The majority opinion (as does the dissent) extensively cites the Hickman and Kerska article Restoring the Lost Anti-Injunction Act, 103 Va. L. Rev. 1683, 1686 (2017), an article PT has reviewed and I discussed earlier this year. In the opinion’s conclusion, there is an explicit acknowledgement (in part based on that article and related scholarship) that there may be legitimate grievances associated with limits on challenging the IRS’s purported failure to comply with the APA.  As I said earlier this year in PT and in an upcoming article in Temple Law Review, perhaps it is time for a fresh legislative look at ways taxpayers can challenge IRS guidance – an idea that I adopt from a 2017 article from Professor Stephanie Hunter McMahon (blogged by PT here), also cited by the dissent (as is Pat Smith, who has written about these issues for PT too).

One final point. This brief blog post does not dive deeply into the argument that Florida Bankers is wrongly decided. The dissent believes that to be the case.

In Florida Bankers, a divided panel of the D.C. Circuit held that the Anti-Injunction Act barred a similar suit challenging the legality of a reporting requirement that the IRS enforced with a tax. See 799 F.3d at 1072. That is because, the court reasoned, the tax is “imposed as a direct consequence of violating the regulation,” and so “[i]nvalidating the regulation would directly bar collection of that tax.” Id. at 1069. For the D.C. Circuit majority, this distinguished the case from Direct Marketing because “the tax . . . is not two or three steps removed from the regulation in question.” Id. In other words, there was no attenuation between the assessment and collection of the tax, on the one hand, and invalidating the regulation on the other.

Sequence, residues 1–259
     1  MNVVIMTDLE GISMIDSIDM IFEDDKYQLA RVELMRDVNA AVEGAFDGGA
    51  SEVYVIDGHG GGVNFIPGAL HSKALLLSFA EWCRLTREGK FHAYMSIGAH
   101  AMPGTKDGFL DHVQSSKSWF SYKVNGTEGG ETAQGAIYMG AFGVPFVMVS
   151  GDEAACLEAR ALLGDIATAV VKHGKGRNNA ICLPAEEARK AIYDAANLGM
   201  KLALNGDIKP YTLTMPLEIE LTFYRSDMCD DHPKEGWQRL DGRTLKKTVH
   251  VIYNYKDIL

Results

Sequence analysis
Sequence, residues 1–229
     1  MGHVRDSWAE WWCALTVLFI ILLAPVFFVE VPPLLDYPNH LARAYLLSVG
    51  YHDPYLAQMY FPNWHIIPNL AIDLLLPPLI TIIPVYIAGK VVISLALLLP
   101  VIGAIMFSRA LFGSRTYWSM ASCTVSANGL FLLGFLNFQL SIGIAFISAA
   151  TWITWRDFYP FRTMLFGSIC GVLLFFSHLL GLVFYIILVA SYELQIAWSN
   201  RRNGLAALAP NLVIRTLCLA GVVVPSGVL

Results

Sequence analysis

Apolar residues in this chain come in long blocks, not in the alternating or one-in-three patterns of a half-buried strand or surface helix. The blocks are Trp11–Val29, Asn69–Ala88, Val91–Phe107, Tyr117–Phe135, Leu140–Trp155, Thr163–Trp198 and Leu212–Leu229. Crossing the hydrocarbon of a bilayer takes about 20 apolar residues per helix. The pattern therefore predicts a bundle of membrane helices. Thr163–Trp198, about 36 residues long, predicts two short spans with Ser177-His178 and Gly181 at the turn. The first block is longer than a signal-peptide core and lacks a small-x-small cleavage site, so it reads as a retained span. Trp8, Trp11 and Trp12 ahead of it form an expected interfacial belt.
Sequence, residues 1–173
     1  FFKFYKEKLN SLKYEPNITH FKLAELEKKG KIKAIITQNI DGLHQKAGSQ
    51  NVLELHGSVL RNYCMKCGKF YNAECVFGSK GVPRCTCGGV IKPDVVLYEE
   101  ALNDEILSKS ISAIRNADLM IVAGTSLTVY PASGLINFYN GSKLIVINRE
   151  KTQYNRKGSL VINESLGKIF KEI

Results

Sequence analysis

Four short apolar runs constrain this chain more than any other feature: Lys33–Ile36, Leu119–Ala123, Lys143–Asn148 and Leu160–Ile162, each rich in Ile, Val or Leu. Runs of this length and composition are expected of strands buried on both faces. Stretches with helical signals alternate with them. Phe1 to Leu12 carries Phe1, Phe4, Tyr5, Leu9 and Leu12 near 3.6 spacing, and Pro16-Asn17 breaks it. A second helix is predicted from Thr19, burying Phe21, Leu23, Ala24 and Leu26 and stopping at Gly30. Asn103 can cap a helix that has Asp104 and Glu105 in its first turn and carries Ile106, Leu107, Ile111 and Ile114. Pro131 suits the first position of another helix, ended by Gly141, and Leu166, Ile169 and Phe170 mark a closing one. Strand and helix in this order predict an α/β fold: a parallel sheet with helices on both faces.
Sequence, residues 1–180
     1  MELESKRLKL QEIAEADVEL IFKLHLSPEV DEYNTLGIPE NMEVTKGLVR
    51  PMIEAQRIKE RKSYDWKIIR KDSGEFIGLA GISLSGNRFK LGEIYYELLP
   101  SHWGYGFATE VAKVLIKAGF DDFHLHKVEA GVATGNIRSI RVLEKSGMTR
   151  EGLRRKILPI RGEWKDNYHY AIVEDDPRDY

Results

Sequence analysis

That misses the mark. Enjoining a reporting requirement enforced by a tax does not necessarily bar the assessment or collection of that tax. That is because the tax does not result from the requirement per se. The only way for the IRS to assess and collect the tax is for a party to violate the requirement. So enjoining the requirement only stops the assessment and collection of the tax in the sense that a party cannot first violate the requirement and then become liable for the tax. Surely, this is the kind of attenuated relationship between “restrain,” “assessment,” and “collection” that Direct Marketing rejected.

Underlying the dissent’s different take on the reach of the AIA is its practical concern for the consequences of the majority’s approach, including the difficult position people find themselves in if they believe that the guidance that the IRS issues is either procedurally or substantively improper: